Petition Closed
Petitioning NYSUT President Richard Iannuzzi and 2 others

Stop the Public Shaming and Unjust Firing of Teachers


Teachers need to be evaluated, but not publicly shamed and unjustly fired.

The Teacher’s Union is about to agree to a provision that will allow data derived from the value-added modeling (VAM) of test scores to account essentially for 100% of a teacher’s evaluation. They are also about to agree to a provision that will allow this extremely dubious data to be used in the public shaming and humiliation of teachers.

Here’s what you need to know— 

VAM data that will be used to evaluate teachers are so unstable that the Board on Testing and Assessment of the National Research Council of the National Academy of Sciences has warned that they cannot be considered fair or reliable enough to make operational decisions about teachers.

The Union says the VAM data will account for 20%-40% of a teacher’s evaluation, but it can actually account for 100%. Although the evaluations will comprise 40% local and state test data (student performance) and 60% classroom observation and community feedback, there is a provision of the agreement that is cause for the utmost alarm— “Teachers rated ineffective on student performance based on objective assessments must be rated ineffective overall.” This means that no matter how excellent a teacher has performed on their observations – or how highly they have been rated by parents and students – if they have not raised test scores they will be rated ineffective overall.

What it really means is that the 40% of evaluations will count for 100% of evaluations, and after two years of ineffective ratings, a teacher will be fired.

And as long as VAM data exist, they will be used as a tool for the public shaming and humiliation of teachers in New York State. Just this past week, the New York Post, New York Times and countless other organizations published highly flawed Teacher Data Reports derived from value-added modeling. The precedent has now been set. Under the Freedom of Information Act and current New York State law, as long as teachers’ VAM data exist, they may be published nationally, in newspapers and other media.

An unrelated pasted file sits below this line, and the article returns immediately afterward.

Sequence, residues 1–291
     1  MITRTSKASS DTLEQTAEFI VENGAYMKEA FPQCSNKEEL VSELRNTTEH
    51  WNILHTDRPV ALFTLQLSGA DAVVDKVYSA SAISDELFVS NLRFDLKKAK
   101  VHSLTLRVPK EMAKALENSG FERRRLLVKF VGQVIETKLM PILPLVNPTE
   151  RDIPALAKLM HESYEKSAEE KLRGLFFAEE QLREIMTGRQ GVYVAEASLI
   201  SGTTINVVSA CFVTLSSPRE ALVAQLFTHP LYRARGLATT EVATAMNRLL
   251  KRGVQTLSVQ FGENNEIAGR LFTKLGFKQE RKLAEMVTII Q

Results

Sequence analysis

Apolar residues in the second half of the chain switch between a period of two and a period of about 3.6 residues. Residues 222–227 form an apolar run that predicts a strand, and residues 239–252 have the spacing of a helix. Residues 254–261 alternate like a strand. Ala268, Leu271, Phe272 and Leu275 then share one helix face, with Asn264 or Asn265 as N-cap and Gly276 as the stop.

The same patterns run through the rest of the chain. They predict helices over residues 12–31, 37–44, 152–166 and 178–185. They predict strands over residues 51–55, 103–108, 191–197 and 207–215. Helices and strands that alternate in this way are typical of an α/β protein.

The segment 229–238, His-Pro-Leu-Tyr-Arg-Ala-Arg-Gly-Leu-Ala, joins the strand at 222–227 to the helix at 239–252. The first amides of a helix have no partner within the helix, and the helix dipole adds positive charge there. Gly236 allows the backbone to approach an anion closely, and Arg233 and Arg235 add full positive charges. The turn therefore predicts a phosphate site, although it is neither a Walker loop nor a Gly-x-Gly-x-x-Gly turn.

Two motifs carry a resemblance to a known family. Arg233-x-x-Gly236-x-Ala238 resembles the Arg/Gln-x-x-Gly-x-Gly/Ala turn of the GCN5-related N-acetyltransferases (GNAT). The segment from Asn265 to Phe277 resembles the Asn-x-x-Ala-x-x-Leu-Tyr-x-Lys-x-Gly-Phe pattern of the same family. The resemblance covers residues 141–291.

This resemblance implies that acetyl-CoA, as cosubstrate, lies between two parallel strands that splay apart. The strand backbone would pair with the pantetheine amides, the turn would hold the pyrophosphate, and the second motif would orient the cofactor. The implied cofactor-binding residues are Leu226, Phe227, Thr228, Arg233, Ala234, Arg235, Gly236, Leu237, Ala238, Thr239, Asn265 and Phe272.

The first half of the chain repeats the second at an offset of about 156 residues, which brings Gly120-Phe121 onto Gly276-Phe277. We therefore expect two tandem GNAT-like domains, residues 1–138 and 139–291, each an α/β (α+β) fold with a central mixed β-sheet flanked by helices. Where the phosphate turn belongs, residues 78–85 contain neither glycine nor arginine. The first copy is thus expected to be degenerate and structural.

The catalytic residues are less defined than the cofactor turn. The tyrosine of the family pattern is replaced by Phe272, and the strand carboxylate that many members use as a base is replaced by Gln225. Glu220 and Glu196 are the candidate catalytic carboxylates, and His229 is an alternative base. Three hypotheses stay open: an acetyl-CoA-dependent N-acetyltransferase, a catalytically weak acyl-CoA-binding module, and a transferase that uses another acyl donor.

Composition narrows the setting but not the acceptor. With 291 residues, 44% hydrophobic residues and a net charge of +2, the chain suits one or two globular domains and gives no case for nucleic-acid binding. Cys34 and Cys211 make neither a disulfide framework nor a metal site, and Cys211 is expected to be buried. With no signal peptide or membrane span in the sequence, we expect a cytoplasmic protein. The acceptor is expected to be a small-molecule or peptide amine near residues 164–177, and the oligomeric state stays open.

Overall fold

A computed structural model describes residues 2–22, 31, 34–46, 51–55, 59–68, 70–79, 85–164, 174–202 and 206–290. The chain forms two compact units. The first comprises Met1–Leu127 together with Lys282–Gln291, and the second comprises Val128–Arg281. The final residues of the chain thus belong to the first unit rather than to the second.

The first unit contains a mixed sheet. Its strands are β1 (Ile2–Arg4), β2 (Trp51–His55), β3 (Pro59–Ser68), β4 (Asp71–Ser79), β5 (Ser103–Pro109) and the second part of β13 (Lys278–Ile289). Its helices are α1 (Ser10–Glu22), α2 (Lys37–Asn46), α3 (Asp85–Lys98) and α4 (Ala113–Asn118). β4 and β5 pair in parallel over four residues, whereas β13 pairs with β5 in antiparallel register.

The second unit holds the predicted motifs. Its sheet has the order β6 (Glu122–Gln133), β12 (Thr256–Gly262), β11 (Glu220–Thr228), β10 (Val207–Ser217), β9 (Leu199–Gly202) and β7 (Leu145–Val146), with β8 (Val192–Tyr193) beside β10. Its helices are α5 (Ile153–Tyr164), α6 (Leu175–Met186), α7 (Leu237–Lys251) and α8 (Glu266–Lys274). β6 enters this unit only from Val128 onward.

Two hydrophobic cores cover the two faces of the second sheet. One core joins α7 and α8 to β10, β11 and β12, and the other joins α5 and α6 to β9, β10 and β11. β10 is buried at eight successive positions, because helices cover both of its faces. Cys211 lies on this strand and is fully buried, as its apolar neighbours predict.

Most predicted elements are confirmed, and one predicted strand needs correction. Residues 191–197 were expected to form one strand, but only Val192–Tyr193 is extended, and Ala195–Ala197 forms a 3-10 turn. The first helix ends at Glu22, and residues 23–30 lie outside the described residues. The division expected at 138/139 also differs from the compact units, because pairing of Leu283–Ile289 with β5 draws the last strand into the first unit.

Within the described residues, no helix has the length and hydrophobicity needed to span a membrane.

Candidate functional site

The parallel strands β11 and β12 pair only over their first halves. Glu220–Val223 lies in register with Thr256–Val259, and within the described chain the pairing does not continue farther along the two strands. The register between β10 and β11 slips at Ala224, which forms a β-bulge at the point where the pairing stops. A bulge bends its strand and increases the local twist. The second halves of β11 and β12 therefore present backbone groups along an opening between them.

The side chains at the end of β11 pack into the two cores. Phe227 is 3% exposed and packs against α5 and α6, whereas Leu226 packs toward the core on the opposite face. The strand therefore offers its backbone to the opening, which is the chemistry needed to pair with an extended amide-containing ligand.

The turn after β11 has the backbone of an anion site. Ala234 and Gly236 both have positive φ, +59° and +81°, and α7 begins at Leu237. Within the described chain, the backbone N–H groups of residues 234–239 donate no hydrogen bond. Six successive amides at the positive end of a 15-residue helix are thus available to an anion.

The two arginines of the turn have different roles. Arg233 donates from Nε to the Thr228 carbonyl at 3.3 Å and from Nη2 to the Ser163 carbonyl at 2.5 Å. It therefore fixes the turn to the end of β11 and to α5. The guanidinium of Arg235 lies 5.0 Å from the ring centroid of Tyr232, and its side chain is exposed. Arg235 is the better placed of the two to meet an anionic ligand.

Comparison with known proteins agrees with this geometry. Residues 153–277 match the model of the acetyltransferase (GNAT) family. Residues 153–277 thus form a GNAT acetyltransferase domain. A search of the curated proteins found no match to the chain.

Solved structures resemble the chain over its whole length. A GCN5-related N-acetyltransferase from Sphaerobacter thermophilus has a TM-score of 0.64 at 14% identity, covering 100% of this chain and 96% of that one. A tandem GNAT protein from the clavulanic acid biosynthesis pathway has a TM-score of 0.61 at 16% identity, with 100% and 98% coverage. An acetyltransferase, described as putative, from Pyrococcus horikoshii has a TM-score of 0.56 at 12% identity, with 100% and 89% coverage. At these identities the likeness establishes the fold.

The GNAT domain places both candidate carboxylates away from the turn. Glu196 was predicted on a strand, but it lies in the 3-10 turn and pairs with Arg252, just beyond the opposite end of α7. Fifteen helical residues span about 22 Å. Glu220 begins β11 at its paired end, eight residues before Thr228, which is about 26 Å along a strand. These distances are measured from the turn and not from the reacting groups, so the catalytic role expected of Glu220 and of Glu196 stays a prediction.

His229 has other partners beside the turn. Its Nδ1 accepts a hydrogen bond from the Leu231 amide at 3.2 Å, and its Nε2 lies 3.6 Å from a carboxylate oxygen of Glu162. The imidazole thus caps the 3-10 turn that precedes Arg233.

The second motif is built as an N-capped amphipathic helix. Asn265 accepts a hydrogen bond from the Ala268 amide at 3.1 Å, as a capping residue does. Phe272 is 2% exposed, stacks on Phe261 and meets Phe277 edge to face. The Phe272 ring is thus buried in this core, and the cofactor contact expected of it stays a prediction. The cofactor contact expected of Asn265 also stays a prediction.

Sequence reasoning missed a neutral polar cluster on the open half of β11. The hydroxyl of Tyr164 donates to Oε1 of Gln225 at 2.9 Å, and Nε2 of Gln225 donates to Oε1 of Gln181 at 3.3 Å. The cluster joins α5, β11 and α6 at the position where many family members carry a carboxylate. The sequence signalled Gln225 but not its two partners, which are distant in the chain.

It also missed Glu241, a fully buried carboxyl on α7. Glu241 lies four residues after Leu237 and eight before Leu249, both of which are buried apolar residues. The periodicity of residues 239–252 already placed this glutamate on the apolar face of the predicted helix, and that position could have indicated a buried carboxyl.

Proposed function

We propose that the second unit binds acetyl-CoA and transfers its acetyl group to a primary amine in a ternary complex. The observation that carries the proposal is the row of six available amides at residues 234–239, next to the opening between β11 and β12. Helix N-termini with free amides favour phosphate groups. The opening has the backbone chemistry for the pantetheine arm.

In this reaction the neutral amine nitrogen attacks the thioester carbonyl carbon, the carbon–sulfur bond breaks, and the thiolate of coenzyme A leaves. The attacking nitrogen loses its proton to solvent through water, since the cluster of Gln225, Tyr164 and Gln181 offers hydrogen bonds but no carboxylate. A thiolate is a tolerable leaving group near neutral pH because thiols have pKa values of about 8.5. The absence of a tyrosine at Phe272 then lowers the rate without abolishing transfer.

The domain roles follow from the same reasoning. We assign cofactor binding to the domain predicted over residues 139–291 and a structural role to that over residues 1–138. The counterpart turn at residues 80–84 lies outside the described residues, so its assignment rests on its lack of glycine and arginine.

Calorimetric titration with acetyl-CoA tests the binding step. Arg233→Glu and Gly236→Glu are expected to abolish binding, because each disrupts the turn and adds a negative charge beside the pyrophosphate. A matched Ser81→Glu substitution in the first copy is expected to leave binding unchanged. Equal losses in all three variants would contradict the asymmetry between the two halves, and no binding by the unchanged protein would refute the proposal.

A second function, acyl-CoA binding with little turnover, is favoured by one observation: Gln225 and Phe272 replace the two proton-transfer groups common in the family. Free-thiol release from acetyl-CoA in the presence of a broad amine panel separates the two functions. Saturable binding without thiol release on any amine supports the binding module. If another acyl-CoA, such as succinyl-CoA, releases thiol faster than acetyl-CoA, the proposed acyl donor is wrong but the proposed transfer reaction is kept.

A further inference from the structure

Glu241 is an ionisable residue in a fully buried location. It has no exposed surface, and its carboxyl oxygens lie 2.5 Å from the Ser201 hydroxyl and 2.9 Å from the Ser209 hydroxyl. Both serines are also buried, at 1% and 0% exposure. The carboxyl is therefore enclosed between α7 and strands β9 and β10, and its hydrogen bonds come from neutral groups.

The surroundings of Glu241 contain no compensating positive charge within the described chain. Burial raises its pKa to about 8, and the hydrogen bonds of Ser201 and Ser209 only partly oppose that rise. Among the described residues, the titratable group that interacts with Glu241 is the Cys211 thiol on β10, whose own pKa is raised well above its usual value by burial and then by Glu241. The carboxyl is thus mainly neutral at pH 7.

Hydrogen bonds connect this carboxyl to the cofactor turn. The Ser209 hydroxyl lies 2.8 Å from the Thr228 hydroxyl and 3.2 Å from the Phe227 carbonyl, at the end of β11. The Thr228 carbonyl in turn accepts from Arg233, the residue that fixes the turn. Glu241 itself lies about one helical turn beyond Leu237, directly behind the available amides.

Teachers must be evaluated, but this is not the way. If you agree that teachers should not be subject to dismissal at the hands of highly flawed data, and that they should not be subject to further shaming and public humiliation – take action now and sign our letter! We will be sending it to the heads of the UFT, NYSUT, and AFT to let them know we demand better, and they must demand better for us!

 

Letter to
NYSUT President Richard Iannuzzi
AFT President Randi Weingarten
UFT President Michael Mulgrew
I just signed the following petition addressed to: Michael Mulgrew (UFT President), Randi Weingarten (AFT President), and Richard Iannuzzi (NYSUT President).

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We, as educators, believe that a fair and comprehensive evaluation system that employs multiple measures is of vital importance to the teaching profession. Teachers must strive to employ the best and most effective strategies in their classrooms. A thorough and comprehensive evaluation system which can help teachers identify areas for growth and give them the means to achieve improvement is paramount in achieving such an end. The evaluation system that is currently being agreed to by the Teacher’s Union – and might soon be put into place in New York State – does not represent such a system. With its emphasis on unreliable value-added measures and its potential promotion of the public shaming and unfair dismissal of teachers – it represents quite the opposite. This is a punitive and possibly destructive system with the potential to cause great harm to both the lives of teachers and the profession of teaching itself.

As has been communicated by the Union, the evaluation system will be comprised as follows: 40% local and state evaluations (student performance); 60% classroom observation by principals, independent evaluators, and peers, plus feedback from students and parents. While it is our understanding that the exact composition and makeup within each section is still being negotiated, there stands one provision of the agreement that is cause for the utmost alarm—

“Teachers rated ineffective on student performance based on objective assessments must be rated ineffective overall.”

This means that no matter how excellent a teacher has performed on their observations – or how highly they have been rated by parents and students – if they have not raised test scores they will be rated ineffective overall.

What it really means is that the 40% of evaluations will count for 100% of evaluations.

And after two years of ineffective ratings, a teacher will be fired.